The amendments to the Securities and Exchange Act B.E. 2535 (as amended) which came into effect on 12 December 2016 are aimed at regulating increasingly complex market misconducts as well as improving the efficiency of legal enforcement.
Key amendments include:
1. The scope of unfair trading practices has been expanded across four main categories of offences, namely (i) disclosure of false or misleading information; (ii) insider dealing; (iii) market manipulation; and (iv) others, e.g. sending of orders which create disruption or delay to trading system or use of nominee accounts to commit market misconduct.
2. Severity of criminal punishment for unfair trading offences has been raised.
3. Interestingly, the amendment has also introduced civil sanction for certain offences, including, amongst others, unfair trading practices and breach of fiduciary duty by directors or executives. Accordingly, a civil penalty committee will be established to consider and determine certain matters and to impose an appropriate level of civil penalty, e.g. fine, monetary compensations of illicit benefits, ban from securities trading or from being directors or executives, and etc.
4. Whilst all charges against offenders will cease upon settlement of all fines and fees imposed by the civil penalty committee, failure to settle them will now direct the relevant matters to the civil court directly.
With effect form 1 October 2016, companies listed on the Stock Exchange of Thailand ("SET") and Market for Alternative Investment ("MAI") are required to have par value of not less than Baht 0.5 per share, except in certain permitted circumstances (e.g. having closing price for each trading day of Baht 100 or more for a consecutive period of 6 months or undergoing rehabilitation or restructuring process). Nevertheless, the amendment does not apply to listed companies whose par value is currently below the new minimum or those which have obtained a resolution of the meeting of the shareholders to reduce the par value below the new minimum prior to the amendment came into force.
Further, certain criteria for listing on SET and MAI have been revised with an aim at improving the quality and liquidity of listed securities and will take effect from 1 January 2017. Key changes include:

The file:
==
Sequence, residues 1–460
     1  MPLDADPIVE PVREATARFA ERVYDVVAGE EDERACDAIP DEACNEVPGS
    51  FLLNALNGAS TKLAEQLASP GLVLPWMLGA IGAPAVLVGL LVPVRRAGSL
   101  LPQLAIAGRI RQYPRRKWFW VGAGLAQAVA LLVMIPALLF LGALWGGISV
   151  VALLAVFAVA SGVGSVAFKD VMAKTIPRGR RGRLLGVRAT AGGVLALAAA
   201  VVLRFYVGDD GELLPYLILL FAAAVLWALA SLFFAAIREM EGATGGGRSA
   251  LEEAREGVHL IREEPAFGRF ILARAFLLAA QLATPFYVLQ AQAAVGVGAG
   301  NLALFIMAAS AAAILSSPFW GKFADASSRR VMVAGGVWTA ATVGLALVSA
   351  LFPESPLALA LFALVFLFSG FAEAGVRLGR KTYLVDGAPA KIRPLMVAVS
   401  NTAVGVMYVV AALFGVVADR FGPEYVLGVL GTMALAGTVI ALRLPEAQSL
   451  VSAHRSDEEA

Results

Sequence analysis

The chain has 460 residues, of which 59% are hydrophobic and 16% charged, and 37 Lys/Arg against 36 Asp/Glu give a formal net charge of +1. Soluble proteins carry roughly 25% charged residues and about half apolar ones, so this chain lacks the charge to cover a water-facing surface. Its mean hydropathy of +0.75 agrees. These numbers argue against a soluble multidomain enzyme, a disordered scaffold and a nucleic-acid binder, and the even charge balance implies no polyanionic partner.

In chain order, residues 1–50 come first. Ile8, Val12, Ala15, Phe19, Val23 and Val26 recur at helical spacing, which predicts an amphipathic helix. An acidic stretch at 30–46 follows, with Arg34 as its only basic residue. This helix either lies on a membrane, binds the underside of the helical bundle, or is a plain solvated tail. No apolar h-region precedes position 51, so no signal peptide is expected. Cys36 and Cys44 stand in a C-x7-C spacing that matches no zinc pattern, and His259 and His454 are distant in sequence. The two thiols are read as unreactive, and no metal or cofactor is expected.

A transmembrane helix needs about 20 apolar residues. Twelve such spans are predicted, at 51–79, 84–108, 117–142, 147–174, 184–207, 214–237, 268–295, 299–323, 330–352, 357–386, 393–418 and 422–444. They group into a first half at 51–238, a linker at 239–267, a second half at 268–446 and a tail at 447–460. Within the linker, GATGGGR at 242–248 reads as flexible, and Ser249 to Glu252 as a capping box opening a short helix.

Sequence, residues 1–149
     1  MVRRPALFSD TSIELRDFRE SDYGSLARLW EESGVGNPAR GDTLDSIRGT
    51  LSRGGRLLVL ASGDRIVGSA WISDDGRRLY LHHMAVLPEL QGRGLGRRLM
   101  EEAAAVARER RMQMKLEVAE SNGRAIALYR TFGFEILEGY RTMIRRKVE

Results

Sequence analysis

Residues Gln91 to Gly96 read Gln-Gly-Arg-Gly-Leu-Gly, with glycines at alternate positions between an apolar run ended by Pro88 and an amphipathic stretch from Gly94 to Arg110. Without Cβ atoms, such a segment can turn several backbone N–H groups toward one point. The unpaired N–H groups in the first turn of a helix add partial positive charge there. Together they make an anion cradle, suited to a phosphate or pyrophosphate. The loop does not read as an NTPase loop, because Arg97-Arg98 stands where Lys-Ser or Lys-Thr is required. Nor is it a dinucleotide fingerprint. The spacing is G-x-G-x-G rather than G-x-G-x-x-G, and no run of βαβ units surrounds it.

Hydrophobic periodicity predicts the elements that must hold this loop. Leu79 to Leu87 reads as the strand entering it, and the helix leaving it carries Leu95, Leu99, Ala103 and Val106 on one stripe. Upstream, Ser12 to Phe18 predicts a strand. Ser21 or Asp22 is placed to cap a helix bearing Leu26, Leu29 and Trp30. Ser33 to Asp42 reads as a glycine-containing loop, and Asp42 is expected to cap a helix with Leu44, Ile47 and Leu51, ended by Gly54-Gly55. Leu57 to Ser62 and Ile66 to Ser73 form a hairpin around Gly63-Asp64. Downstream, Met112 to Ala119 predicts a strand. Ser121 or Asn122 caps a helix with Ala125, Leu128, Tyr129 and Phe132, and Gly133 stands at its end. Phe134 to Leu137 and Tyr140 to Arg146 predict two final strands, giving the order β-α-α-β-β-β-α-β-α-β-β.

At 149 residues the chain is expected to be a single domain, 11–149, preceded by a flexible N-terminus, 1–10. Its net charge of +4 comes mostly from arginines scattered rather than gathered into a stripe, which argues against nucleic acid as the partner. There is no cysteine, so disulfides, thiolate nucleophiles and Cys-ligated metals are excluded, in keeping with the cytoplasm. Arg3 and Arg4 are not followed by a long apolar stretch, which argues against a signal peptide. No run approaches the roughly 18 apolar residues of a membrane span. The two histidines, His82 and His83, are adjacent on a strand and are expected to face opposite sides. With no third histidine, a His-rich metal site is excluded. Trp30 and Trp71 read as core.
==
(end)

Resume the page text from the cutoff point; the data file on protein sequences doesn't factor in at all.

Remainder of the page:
1. Companies applying for listing on both SET or MAI shall now have positive shareholders' equity prior to their IPO with a minimum free float of at least 25 per cent of their paid-up capital (or at least 20 per cent if their paid-up capital (ordinary shares only) is Baht 3,000 million or more).
2. Listing on MAI requires minimum paid-up capital (ordinary shares only) and shareholder's equity of Baht 50 million, with a minimum net profits in the latest year of Baht 10 million.
3. Market capitalization for listing on SET has been increased to at least Baht 7,500 million.
After a long wait, the Secured Transaction Act B.E. 2558 (2015) has finally come into full force on 2 July 2016. The Act introduces a new form of security interest over assets to the Thai legal system, which previously recognised only (i) mortgage (available for immovable property and certain specific types of movable property); and (ii) pledge (available for movable property and requires the delivery of the pledged property). Thanks to the new legislation, the old limitations were overcome and a legal security can now be created over a broader range of assets of economic value (e.g. business, rights of claim, machinery, inventory, raw materials, immovable property (only if the security provider directly engages in a real estate business), intellectual property, and etc.) without the need for delivery of the secured asset. Particularly, the security provider retains the right under the Act to possess, use, exchange, dispose of, transfer and mortgage the secured asset during the secured period, as well as to use it as a security to secure other performances except by way of pledge in which case the pledge will be void.
The Act also sets out registration requirement of the secured transaction agreement, upon which the security receiver (i.e. a financial institution or other person to be prescribed by ministerial regulation) shall have preferential rights over the secured assets and in priority to the unsecured creditors. Moreover, specific procedures for the enforcement of security created under the Act have been established with an aim at promoting a more efficient and less time-consuming out-of-court enforcement.
In light of this significant development, small and medium enterprises or even large-scale businesses would benefit from gaining more flexibility and greater access to the needed finance.
The Inheritance Tax Act B.E. 2558 (the "ITA") is one of the key tax reforms which came into force on 1 February 2016 with an aim at bridging the gap of income disparity in Thailand as well as increasing state revenue.
An inheritor receiving the prescribed assets (e.g. immovable property, securities, bank deposit, registered vehicle, and other financial assets to be further announced) with aggregate value over Baht 100 million from each testator will be taxed on the portion exceeding the said threshold at the rate of 5 percent for ascendants and descendants and 10 percent for others. In any event, the ITA does not apply to inheritance received by the surviving spouse and tax exemption is also available for an heir who will use the inheritance for religious, educational, or public purposes as intended by the testators.
As a countermeasure for possible avoidance of the inheritance tax, the Thai Revenue Code was amended to include a new gift tax which came into effect on the same date as the ITA. In brief, an individual receiving certain types of gifts in excess of the tax-free thresholds will be subject to personal income tax at the rate of 5 percent of the exceeding portion with an option to exclude such income from annual income tax computation.